NORTH GEORGIA HEALTH DISTRICT

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  • NEWS AND ANNOUNCEMENTS

    NEWS AND ANNOUNCEMENTS

June is Men’s Health Month and we are reminded of the importance of properly educating men and boys about what they can do to be proactive about their health.

The statistics are troubling. At birth, males outnumber females 105:100. By age 65-74, the ratio shifts to 80:100. Even worse, men often experience a lower quality of life than women.

Some other staggering statistics:

● 1/6 of American men will get prostate cancer.

● 50% of men will develop cancer in their lifetime.

● Testicular cancer is most common in men ages 15-35. It is 100% curable when caught and treated early.

There are, however, simple steps men and boys can take to significantly improve their health. Things like exercising moderately for 30 minutes, five days a week, drinking eight glasses of water every day, and eating a varied diet that includes a lot of fruit, vegetables and whole grains.

The infographic below highlights some of the most important facts related to this issue, with actionable steps that should be taken to address this challenge (resource http://online.nursing.georgetown.edu/).

National HIV Testing Day is June 27, 2013

      Download Poster here:       Natl HIV Testing Day 2013 poster.pdfIN RECOGNITION OF HIV TESTING DAY, THE NORTH GEORGIA HEALTH DISTRICT WILL PROVIDE FREE RAPID HIV TESTING AT THE WHITFIELD COUNTY HEALTH DEPARTMENT ON THURSDAY, JUNE 27 FROM 10 A.M. TO 2 P.M.

THE WHITFIELD COUNTY HEALTH DEPARTMENT IS LOCATED AT 800 PROFESSIONAL BOULEVARD IN DALTON.

THE RAPID HIV TEST IS QUICK, CONFIDENTIAL AND REQUIRES ONLY A FINGERSTICK. TEST RESULTS WILL BE PROVIDED DURING THE SAME OFFICE VISIT. COUNSELING, FOLLOW-UP AND REFERRAL WILL BE PROVIDED, AS NEEDED.

THE CENTERS FOR DISEASE CONTROL AND PREVENTION (CDC) RECOMMENDS THAT EVERYONE BETWEEN THE AGES OF 13 AND 64 BE TESTED FOR HIV AT LEAST ONCE IN THEIR LIFETIME, AND THOSE AT INCREASED RISK -- SUCH AS GAY AND BISEXUAL MEN, INJECTION DRUG USERS, OR PERSONS WITH MULTIPLE SEXUAL PARTNERS -- SHOULD BE TESTED AT LEAST ANNUALLY.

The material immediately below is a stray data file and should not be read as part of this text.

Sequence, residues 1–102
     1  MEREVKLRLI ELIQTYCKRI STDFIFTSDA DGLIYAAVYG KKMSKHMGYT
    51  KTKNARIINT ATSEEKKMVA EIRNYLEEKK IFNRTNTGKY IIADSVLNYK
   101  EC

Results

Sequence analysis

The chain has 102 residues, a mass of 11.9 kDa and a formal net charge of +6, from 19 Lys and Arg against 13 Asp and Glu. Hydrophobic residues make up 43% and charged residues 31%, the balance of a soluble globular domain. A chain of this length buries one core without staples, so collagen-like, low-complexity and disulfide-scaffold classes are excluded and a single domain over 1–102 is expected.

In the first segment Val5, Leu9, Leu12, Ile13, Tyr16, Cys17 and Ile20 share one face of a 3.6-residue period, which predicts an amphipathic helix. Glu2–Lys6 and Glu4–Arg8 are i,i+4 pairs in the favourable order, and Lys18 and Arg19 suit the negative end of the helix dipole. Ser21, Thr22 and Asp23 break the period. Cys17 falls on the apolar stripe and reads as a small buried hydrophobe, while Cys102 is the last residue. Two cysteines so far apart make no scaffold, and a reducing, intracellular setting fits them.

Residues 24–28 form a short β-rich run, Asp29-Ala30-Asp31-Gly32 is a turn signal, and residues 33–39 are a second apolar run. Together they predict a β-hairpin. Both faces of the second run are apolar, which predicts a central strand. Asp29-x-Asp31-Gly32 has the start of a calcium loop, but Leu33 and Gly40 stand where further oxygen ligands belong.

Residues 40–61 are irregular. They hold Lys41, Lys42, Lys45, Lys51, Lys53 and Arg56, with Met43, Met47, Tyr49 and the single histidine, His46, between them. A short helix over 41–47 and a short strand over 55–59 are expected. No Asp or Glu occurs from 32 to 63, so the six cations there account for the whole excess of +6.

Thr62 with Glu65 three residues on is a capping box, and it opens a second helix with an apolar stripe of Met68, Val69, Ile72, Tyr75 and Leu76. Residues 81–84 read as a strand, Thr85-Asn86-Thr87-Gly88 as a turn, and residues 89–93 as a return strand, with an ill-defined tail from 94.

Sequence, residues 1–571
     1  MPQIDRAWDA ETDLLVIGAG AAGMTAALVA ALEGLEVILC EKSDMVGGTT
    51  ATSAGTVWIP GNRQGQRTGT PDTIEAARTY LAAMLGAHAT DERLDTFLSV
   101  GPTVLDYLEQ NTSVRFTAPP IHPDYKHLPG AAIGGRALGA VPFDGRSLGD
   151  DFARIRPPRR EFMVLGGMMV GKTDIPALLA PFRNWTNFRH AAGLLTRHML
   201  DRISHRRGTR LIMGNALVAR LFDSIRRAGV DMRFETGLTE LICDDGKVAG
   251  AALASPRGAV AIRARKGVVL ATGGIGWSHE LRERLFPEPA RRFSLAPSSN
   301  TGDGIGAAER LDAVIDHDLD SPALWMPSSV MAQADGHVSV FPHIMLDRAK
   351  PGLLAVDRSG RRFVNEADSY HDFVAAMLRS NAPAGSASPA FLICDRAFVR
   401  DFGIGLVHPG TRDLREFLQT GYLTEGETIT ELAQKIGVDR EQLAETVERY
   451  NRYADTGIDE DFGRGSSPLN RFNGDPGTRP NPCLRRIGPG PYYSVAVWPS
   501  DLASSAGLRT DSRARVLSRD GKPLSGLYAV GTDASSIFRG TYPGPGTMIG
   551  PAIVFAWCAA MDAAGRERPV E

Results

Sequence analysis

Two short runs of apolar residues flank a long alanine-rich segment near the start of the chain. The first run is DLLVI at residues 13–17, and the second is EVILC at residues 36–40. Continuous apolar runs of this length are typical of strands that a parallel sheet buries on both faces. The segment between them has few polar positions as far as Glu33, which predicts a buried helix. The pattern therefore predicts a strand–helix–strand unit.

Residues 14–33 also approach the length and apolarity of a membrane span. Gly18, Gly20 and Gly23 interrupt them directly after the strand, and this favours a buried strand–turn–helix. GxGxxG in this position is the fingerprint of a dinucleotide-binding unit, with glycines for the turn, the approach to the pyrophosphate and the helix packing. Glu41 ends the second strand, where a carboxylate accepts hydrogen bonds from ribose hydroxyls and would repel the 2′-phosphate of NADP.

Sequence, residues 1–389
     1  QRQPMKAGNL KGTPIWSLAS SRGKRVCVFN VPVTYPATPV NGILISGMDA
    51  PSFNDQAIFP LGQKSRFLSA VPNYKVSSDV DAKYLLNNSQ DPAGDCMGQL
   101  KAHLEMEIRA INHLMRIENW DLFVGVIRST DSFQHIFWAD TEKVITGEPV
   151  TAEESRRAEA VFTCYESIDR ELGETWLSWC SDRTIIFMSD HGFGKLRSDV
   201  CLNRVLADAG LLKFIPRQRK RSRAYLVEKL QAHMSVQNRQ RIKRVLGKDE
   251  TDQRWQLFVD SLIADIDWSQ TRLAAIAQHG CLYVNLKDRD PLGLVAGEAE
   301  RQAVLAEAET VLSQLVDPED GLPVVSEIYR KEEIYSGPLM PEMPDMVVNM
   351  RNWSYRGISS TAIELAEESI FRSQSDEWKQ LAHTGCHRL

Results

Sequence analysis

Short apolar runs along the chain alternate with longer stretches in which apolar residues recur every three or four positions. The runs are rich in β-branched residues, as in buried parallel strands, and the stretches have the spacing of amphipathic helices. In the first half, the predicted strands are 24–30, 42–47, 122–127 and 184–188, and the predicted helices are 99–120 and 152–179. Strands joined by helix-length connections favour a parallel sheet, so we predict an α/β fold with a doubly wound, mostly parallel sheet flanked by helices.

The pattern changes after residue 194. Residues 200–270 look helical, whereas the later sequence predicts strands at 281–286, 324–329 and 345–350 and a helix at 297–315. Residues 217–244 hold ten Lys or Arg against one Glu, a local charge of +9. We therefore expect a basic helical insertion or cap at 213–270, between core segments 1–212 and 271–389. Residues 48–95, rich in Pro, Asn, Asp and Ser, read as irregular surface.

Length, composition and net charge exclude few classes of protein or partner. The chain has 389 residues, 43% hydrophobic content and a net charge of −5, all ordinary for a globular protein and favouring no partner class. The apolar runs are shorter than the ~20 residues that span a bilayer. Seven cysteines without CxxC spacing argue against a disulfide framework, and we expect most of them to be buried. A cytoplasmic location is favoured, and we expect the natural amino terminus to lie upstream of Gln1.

FOR MORE INFORMATION, CALL (706) 281-2370.

ATLANTA (GA) – The Babies Can't Wait (BCW) Program is Georgia’s statewide early intervention system for infants and toddlers with special needs, ages birth to three, and their families. The Georgia Department of Public Health (DPH) is the lead agency for administration of the BCW system. As required under the Individuals with Disabilities Education Act (IDEA) Part C section 34 CFR §§303.110-303.113, “the State must publish its Part C application or policy in a manner that will ensure circulation throughout the State at least 60-days prior to the date on which the application or policy is submitted and allow an opportunity for public comments on the application or policy for at least 30 days during that 60-day publication period. In order to meet this requirement, BCW invites interested persons to participate in a 60-day public comment period for the revised Fiscal Policies, May 2013. The public may review the revised policy online (http://health.state.ga.us) or at locations throughout the state, including these sites in the North Georgia Health District listed below: 

Woodstock-Cherokee County Health Department
7545 N. Main St., Ste. 100, Woodstock, GA 30188 
 
Gilmer County Health Department
28 Southside Church St., Ellijay, GA 30540 
 
Pickens County Health Department
60 Health Way, Jasper, GA 30143 
 
Murray County Health Department
709 Old Dalton-Ellijay Rd., Chatsworth, GA 30705 
 
Fannin County Health Department
95 Ouida St., Blue Ridge, GA 30513 
 
Babies Can’t Wait office
100 W. Walnut Ave., Dalton, GA 30720
 

Dr. John "Jack" Kennedy, Interim Health Director, North Georgia Health DistrictDalton (GA) Staff of the North Georgia Health District welcome John “Jack” Kennedy, M.D., M.B.A., as the district’s interim health director. 

 

Dr. Harold Pitts recently resigned as district health director after having served in that position since 2005. Dr. Kennedy is the director of the Cobb & Douglas Public Health District and will concurrently provide interim leadership of the North Georgia Health District until a permanent health director is named.

 

“I am excited about getting to know everyone so we can pursue our public health mission together,” said Kennedy. “I appreciate the warm welcome I have received here.”

 

Born in Providence, RI and reared in Richmond, VA, Kennedy practiced general surgery in the United States Air Force and, subsequently, in Marietta for 26 years where he also served as the founding board chairman of the Good Samaritan Health Center of Cobb. Presently, in addition to directing the Cobb & Douglas Public Health District, Kennedy serves as an Affiliated Professor in the Office of Applied Public Health at Rollins School of Public Health, part of the Woodruff Health Sciences Center of Emory University.

 

Kennedy is a graduate of Duke University where he received both his Bachelor of Arts degree in Chemistry and his M.D. degree. He received an M.B.A. from the Michael Coles School of Business at Kennesaw State University. Kennedy completed his surgical internship and surgical residency at Emory University Affiliated Hospitals.

 

He and his wife, Maurine, have lived in Marietta since 1986 and have two adult children.

 

The North Georgia Health District, part of the Georgia Department of Public Health, is based in Dalton and includes Cherokee, Fannin, Gilmer, Murray, Pickens and Whitfield Counties. For more information, call (706) 272-2342.